Past the bandstand, up a grassy hill, is the historic Astoria public pool. Originally built for qualifying events for the Summer Olympics in 1936 and 1964 by Robert Moses (who played a large role in shaping the physical environment of New York State), it is now the oldest and largest public pool in New York City.
Astoria is also home to the oldest beer garden in the city. After a long walk through the park, stop in at Bohemian Hall & Beer Garden (www.bohemianhall.com) for an ice-cold beer. The beer garden, built in 1910, is owned by the Bohemian Citizens’ Benevolent Society – a society formed in 1892 made up of people of Czech and Slovak descent. At night, the long wooden tables are filled with the young and old, natives and newcomers mingling together.
A stone’s throw away from the beer garden is a traditional Greek restaurant that actually has locals leaving their other four boroughs (and if you know New Yorkers that is a hard feat to accomplish) to dine at. Taverna Kyclades (www.tavernacyklades.com) is a cash-only place that takes no reservations, but the food is worth the long wait to get seated. I will walk a mile from my house just for their appetizers. The thought of their stuffed grape leaves and spinach pie is enough to make me salivate.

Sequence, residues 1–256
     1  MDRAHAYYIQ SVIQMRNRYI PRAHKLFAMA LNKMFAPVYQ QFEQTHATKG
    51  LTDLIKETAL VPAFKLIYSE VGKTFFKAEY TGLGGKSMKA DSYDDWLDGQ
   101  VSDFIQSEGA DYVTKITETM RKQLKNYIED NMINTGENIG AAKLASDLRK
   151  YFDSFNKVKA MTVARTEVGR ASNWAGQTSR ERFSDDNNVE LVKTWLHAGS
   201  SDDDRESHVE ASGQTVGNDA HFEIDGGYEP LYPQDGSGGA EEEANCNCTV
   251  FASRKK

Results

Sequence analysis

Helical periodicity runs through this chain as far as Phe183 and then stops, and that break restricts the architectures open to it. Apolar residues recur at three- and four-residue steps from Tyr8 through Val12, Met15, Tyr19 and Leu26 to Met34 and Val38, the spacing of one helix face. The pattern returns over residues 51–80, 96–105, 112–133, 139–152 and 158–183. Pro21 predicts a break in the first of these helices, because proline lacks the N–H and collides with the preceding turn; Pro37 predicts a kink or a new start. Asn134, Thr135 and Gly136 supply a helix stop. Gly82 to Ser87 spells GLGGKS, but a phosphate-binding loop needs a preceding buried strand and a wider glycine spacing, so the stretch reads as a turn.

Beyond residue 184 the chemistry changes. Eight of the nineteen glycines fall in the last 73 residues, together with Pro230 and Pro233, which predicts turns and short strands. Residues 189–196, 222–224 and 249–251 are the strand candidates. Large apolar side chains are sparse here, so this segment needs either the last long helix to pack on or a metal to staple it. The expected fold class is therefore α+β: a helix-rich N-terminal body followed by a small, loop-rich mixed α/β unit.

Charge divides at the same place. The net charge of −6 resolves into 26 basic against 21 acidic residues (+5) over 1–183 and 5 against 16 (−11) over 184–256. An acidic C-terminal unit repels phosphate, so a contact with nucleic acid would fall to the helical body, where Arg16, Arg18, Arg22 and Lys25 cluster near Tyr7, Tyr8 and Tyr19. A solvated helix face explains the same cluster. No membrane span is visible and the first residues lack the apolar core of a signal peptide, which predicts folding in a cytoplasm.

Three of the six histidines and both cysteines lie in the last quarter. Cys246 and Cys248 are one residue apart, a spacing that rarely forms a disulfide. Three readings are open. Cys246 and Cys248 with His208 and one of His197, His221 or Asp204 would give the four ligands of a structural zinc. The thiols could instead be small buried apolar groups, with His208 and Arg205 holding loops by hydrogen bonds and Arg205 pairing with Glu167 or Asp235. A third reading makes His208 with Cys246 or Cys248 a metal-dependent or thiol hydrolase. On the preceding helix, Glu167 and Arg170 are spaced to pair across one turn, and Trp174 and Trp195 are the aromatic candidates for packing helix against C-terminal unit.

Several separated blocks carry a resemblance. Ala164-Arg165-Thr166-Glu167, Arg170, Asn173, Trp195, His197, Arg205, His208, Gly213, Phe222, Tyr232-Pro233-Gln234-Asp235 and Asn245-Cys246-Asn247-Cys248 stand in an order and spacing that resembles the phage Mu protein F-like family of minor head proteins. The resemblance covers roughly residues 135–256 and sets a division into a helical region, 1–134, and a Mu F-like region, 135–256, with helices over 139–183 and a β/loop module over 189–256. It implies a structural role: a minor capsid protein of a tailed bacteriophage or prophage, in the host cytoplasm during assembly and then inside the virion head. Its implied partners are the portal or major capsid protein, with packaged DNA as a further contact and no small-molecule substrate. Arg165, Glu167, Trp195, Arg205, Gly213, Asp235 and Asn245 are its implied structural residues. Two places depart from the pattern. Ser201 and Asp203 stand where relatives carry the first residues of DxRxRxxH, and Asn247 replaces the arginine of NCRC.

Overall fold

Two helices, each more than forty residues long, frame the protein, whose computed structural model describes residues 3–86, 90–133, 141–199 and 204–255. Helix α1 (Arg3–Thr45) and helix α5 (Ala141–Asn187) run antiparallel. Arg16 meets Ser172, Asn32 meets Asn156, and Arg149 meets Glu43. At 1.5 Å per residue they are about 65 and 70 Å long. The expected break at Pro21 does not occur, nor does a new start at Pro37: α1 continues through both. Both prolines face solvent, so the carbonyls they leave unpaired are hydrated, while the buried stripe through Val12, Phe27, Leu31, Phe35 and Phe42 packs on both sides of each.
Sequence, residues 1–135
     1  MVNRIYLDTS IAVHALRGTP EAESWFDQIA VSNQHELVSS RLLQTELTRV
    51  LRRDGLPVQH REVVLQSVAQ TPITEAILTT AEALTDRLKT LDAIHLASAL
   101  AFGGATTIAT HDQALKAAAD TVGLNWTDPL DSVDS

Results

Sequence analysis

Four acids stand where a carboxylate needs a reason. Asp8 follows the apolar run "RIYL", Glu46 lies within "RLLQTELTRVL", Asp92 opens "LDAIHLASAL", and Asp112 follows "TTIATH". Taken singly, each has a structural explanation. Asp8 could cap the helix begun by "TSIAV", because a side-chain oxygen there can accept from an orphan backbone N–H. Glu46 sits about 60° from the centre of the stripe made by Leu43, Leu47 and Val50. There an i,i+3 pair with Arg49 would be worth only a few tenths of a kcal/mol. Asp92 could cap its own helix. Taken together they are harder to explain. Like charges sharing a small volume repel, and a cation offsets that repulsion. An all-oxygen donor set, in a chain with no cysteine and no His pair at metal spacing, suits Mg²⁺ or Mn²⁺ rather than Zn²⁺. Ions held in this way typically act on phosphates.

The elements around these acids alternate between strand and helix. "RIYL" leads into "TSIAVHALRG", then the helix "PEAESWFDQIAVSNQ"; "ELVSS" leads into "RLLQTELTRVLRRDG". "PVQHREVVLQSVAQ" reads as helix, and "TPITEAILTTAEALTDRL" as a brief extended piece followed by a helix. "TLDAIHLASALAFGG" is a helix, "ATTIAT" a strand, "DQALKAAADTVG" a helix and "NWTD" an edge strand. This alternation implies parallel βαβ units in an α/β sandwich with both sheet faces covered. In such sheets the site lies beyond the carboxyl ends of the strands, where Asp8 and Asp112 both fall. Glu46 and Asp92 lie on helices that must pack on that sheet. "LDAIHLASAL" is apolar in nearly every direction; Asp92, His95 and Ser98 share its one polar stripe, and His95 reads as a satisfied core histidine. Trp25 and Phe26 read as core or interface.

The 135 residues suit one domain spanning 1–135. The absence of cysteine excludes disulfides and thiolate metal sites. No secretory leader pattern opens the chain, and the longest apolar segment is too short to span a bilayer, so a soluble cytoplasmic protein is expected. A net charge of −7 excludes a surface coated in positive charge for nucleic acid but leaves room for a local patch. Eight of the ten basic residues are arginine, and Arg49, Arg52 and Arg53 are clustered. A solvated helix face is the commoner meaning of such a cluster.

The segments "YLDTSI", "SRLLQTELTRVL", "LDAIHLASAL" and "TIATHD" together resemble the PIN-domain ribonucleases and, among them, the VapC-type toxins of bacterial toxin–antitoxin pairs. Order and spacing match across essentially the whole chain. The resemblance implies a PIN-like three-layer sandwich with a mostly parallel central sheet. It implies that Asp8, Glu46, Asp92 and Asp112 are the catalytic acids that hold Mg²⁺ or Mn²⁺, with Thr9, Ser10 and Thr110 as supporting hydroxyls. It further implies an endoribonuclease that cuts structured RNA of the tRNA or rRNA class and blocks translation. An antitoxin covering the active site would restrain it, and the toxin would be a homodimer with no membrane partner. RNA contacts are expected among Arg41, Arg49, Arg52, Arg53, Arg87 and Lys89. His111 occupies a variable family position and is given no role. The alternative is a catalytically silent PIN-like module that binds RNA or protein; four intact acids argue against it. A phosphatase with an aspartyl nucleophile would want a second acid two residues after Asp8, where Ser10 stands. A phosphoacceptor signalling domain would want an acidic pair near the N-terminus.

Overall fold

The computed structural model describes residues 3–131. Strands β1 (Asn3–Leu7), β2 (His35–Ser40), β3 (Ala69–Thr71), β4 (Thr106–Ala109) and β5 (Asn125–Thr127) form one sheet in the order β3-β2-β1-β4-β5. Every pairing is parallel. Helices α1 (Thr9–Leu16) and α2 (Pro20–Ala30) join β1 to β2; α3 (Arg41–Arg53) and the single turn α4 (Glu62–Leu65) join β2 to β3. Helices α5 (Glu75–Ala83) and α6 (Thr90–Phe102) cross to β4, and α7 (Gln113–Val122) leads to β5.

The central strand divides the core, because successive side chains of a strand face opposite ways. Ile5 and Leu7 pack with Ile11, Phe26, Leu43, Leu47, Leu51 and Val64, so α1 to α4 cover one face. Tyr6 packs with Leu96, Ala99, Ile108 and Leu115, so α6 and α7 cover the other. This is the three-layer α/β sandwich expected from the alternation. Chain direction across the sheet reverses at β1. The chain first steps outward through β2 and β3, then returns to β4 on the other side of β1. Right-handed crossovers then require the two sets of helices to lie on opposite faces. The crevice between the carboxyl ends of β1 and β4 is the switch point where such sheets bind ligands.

After a hearty meal at Taverna Kyclades, I like to walk by one of Astoria’s historic buildings – the Steinway & Sons piano factory, built in the late 1800s, and still in use today. Steinway pianos are handmade and each take almost a year to build, comprising more than 12,000 parts. They are considered the best in the world. The factory sits only a few blocks away from the Steinway Mansion, which was purchased in 1870 by the Steinway family and used as their summer home for 50 years.
If you’re in need of a break and a few more beers, stop in at SingleCut Beersmiths (www.singlecutbeer.com). Take a free 15-minute tour of the brewery before enjoying a pint in their taproom. All of their beers are brewed locally and named after their favorite musicians.
Only a short subway ride away, just outside of Astoria, is Flushing Meadows-Corona Park, the second largest park in New York City. Before its reincarnation as a park, the space was a garbage dumping ground. In The Great Gatsby, F. Scott Fitzgerald described the area as a “valley of ashes”. But those ashes evolved into a beautiful green space embedded with history. The 1939 and 1964 World’s Fairs were held here. The Unisphere and several other structures built for the fairs still stand today.
While there, don’t be surprised if you suddenly find that you’re in the center of an excited crowd. Sports fans often have to make their way through Flushing Meadows-Corona Park because it is home to the USTA Billie Jean King National Tennis Center, currently where the US Open is held, and to the Mets’ Citi Field. You can join them, or you can take a stroll along the lake and stop by the Queens Museum, the New York Hall of Science or the Queens Wildlife Center.
Perhaps after a refreshing break from downtown Manhattan, you may be ready to go back to the hustle and bustle. If not, you are welcome to stay to explore other parts of Queens. Given the choice, I would stay in the calm streets of my neighborhood, Astoria, and enjoy a delicious meal with friendly people and a fantastic view of the city.
Bio: Kendra Granniss is a travel writer currently based in Astoria, New York. She is taking a hiatus from the city of her dreams starting next year to explore the world. Visit kendratheescapologist.com to read more about her travels.
Images by SKY